On the nature of the optimal control problem at leaking underground fuel tank sites

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In California, leaking underground fuel tank (LUFT) legislation was conceived because of concern that ''time bomb plumes'' would ultimately impact a significant portion of the state's ground and surface water resources. However, it has been found that fuel hydrocarbons (FHC) plumes are stable at relatively short distances from the source in areas of shallow groundwater. In urban areas, these shallow aquifers are not even recommended for use because they are subject to contamination from sewers, storm drains, septic fields and a variety of other sources. After the FHC source has been removed, risk to human health or the environment is ... continued below

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202 Kilobytes pages

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McDowell, B December 1, 1998.

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In California, leaking underground fuel tank (LUFT) legislation was conceived because of concern that ''time bomb plumes'' would ultimately impact a significant portion of the state's ground and surface water resources. However, it has been found that fuel hydrocarbons (FHC) plumes are stable at relatively short distances from the source in areas of shallow groundwater. In urban areas, these shallow aquifers are not even recommended for use because they are subject to contamination from sewers, storm drains, septic fields and a variety of other sources. After the FHC source has been removed, risk to human health or the environment is insignificant in most cases. For this reason, cleanup to maximum contaminant levels (MCLs) will not significantly reduce the social damages associated with current or near-term human health or ecological risk. Based on these findings, California would be able to save significant resources that had been allocated for LUFT-site cleanup. Non-convexities in the rate of decay function and non-differentiability in the cleanup and social damage functions appear to limit the usefulness of models, such as Caputo and Wilen's (1995), that attempt to characterize the optimal cleanup path using marginal analyses. Furthermore, the effect of active remediation efforts on the natural rate of decay in stable plumes is not taken into account in their model. The imposition of deed restrictions prior to a demonstration of cleanup to MCLs is an additional conservative measure imposed by the California Regional Water Quality Control Boards (RWQCBs) to reduce the uncertainty associated with health risks to future users. These measures impose costs on society in the form of lost rents that have not been considered by regulators. By estimating the differential rents during the time to cleanup, regulators would be able to compare the costs of imposing deed restrictions with the values that society imparts to protection of future users. Both land and water sources are unique in that the value of each is highly dependent upon location. For cost-benefit analysis to be effective, site-specific estimates of property and groundwater values need to be established. Future research may focus on deriving site-specific estimates of restricted and unrestricted land and water usage.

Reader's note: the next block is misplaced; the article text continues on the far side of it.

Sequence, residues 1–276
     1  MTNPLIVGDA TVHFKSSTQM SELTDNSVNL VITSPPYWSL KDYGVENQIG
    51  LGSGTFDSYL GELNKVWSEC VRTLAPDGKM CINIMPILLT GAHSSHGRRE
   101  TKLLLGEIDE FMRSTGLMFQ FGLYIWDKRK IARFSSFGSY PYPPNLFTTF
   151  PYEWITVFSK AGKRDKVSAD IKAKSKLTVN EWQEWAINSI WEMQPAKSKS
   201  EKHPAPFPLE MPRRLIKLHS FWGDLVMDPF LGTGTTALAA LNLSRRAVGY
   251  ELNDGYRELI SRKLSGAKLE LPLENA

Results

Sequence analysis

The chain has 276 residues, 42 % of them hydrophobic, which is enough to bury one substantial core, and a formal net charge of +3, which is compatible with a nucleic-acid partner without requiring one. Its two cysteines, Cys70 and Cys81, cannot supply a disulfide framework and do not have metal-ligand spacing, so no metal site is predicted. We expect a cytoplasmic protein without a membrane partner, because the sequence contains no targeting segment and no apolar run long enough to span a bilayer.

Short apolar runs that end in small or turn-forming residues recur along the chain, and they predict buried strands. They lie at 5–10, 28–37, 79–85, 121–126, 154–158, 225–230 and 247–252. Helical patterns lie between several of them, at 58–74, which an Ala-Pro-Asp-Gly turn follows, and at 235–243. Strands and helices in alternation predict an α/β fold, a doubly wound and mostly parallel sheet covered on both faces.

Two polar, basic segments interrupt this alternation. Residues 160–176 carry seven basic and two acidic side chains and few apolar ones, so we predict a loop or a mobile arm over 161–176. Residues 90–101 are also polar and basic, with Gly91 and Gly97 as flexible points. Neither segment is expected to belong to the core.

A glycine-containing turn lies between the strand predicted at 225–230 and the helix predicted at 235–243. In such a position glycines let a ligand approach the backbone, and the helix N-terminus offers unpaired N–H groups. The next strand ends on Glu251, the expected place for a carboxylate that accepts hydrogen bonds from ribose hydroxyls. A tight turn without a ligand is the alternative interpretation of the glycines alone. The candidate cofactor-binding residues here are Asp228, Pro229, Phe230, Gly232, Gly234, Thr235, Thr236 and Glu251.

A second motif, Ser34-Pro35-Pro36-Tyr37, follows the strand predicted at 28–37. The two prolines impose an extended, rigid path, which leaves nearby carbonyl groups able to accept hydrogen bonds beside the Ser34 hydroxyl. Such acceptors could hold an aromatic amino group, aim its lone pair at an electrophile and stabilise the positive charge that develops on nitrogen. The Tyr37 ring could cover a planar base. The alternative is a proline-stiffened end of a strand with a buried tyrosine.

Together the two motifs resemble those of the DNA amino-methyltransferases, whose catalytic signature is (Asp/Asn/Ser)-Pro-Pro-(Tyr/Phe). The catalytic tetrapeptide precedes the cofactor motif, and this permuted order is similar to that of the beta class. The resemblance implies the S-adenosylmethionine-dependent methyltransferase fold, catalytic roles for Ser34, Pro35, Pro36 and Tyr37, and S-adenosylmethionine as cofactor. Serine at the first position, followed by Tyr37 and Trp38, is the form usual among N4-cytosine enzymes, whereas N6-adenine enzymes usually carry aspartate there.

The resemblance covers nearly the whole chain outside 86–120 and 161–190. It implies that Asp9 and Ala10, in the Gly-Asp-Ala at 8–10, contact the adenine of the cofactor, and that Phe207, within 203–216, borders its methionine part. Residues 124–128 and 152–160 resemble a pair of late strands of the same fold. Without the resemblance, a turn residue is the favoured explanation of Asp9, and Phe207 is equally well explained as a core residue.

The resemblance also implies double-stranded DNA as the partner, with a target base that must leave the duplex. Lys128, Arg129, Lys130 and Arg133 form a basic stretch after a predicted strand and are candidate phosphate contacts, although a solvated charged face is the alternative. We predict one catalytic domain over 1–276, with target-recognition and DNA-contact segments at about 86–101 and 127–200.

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202 Kilobytes pages

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  • 43rd Annual Conference of the Australian Agricultural & Resource Economics Society, Christchurch (NZ), 01/20/1999--01/22/1999

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  • Report No.: UCRL-JC-132783
  • Grant Number: W-7405-Eng-48
  • Office of Scientific & Technical Information Report Number: 8205
  • Archival Resource Key: ark:/67531/metadc735278

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Office of Scientific & Technical Information Technical Reports

Reports, articles and other documents harvested from the Office of Scientific and Technical Information.

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  • December 1, 1998

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  • Oct. 18, 2015, 6:40 p.m.

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  • May 6, 2016, 1:48 p.m.

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McDowell, B. On the nature of the optimal control problem at leaking underground fuel tank sites, article, December 1, 1998; Livermore, California. (digital.library.unt.edu/ark:/67531/metadc735278/: accessed October 19, 2017), University of North Texas Libraries, Digital Library, digital.library.unt.edu; crediting UNT Libraries Government Documents Department.